The “Bass Bomb” that exploded last week may not damage the Americans, even Indian Americans, as they prepare to vote in the United States’ presidential elections, come November 3, when incumbent Donald Trump has staked his all for a second term.
The ‘bomb’ is in the shape of confirmation of what is known about how the American leadership of 1971 – President Richard Nixon and National Security Advisor Henry Kissinger – enforced their ‘tilt’ against India and favouring Pakistan, fully aware that the latter was ‘cleansing’ East Pakistan of ‘rebels’ who had voted overwhelmingly against the west-wing.
The duo thought India had contrived or encouraged the flow of ten million-plus refugees. With China factor looming large – Pakistan had facilitated the reach-out to Beijing – the two condoned one of the grimmest man-made disasters, and invited their own diplomatic one, that the last century’s cold war had witnessed.
What is new are official details contained in White House tapes, now declassified and acquired by Prof. Gary J Bass of the Princeton University. They unmistakably paint the two in darkest colours. As they worked their South Asia policy, they frequently engaged in racist remarks and misogyny targeting Indians in general, especially then Prime Minister Indira Gandhi, calling them names.
What we know are the un-bleeped, or less-bleeped taped conversations. Should one be surprised at Trump’s racism and misogyny (he is not alone) in the current electoral discourse? It shatters the image the Americans and their successive leaderships have wanted to cultivate of them being the world’s greatest democrats.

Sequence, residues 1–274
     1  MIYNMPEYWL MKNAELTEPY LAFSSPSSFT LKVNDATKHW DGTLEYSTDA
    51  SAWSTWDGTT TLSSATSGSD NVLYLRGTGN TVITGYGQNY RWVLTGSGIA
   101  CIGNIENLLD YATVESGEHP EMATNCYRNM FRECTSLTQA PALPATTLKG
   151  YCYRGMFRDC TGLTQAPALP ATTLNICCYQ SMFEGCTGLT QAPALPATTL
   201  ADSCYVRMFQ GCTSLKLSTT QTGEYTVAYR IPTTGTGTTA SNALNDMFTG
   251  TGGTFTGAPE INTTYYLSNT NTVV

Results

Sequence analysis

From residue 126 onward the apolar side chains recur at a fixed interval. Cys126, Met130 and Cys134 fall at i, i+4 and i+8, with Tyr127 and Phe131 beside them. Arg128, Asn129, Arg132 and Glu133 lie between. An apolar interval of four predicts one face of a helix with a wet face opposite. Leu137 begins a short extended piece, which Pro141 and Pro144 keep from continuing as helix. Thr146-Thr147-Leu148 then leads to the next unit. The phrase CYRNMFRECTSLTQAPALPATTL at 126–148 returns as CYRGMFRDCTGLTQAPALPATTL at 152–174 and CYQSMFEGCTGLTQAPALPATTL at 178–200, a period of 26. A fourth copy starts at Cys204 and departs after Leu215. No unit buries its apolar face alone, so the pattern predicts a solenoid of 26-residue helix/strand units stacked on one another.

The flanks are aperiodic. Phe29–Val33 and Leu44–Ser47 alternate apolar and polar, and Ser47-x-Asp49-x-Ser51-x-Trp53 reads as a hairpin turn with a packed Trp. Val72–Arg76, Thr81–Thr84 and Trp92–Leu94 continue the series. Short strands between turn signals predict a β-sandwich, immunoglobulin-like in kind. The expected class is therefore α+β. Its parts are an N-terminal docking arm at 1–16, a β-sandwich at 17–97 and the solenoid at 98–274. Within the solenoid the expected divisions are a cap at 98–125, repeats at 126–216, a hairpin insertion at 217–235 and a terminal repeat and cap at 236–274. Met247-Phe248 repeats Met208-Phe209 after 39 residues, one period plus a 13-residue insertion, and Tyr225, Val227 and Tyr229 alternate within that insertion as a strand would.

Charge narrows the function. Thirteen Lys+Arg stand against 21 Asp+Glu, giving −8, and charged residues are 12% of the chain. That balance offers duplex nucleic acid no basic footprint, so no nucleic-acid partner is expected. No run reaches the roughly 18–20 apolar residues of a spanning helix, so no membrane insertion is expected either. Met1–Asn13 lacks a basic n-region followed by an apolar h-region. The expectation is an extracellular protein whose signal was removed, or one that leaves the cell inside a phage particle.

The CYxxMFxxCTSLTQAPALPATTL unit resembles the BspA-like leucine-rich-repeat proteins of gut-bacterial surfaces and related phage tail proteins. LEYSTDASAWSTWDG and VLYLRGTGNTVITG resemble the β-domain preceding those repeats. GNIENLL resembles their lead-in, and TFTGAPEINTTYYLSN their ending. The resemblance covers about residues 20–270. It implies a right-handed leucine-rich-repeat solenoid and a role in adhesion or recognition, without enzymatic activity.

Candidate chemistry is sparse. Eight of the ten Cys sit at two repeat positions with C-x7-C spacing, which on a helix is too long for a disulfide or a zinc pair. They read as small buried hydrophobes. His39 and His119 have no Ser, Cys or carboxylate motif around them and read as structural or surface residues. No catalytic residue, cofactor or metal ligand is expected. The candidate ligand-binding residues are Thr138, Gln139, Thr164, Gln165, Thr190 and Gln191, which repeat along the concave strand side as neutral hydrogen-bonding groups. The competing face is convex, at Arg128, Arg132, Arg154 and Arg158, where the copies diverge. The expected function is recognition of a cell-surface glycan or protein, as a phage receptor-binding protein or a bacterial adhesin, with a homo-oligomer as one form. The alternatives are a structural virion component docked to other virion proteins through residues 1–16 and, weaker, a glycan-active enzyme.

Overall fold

The Bass confirmations, rather than revelations, may not impact Trump who may win. Analysts who predict this, in the same breath, disapprove of him and his policies. They point to his improving his position in the presidential race precisely for the type of racism and misogyny that his peers had engaged in the 1970s.
Analysts predict a likely Trump victory even as they criticise his turning a thriving economy into a jobless one and his handling of the Coronavirus pandemic that has killed more Americans than the two World Wars. Not just the Americans, much of the world today is witnessing strange times, of being ruled by right-wing demagogues.
It would thus be naïve to think that the American voter will be influenced by a diplomatic disasters that occurred nearly half-a-century back. As elsewhere, foreign policy does not impact American elections.
Equally, the Indian American numbers matter but marginally, be it for partly-Indian Kamala Harris, the running mate of Trump’s Democratic rival Joe Biden, or for Trump who did make a bee-line to India, especially Gujarat, being hosted by Prime Minister Narendra Modi.
While showing Americans the mirror, Bass’ account painfully reminds of the Americans’ low esteem when the Indians’ rush to California was gathering momentum in the 1970s and even later, in the 1980s. They can look back with some satisfaction of having done well in the last three decades. Whether they will retain their traditional Democratic preference or vote with “Howdy Modi” will need watching.
Of course, India is no longer the US’ Cold War adversary. Four million Indians, many of them prosperous and many related to India’s policy-making elite, enjoying visa preference over others, study and work there. The two are tied in a strategic partnership that has significantly altered geopolitics of the region well beyond South Asia.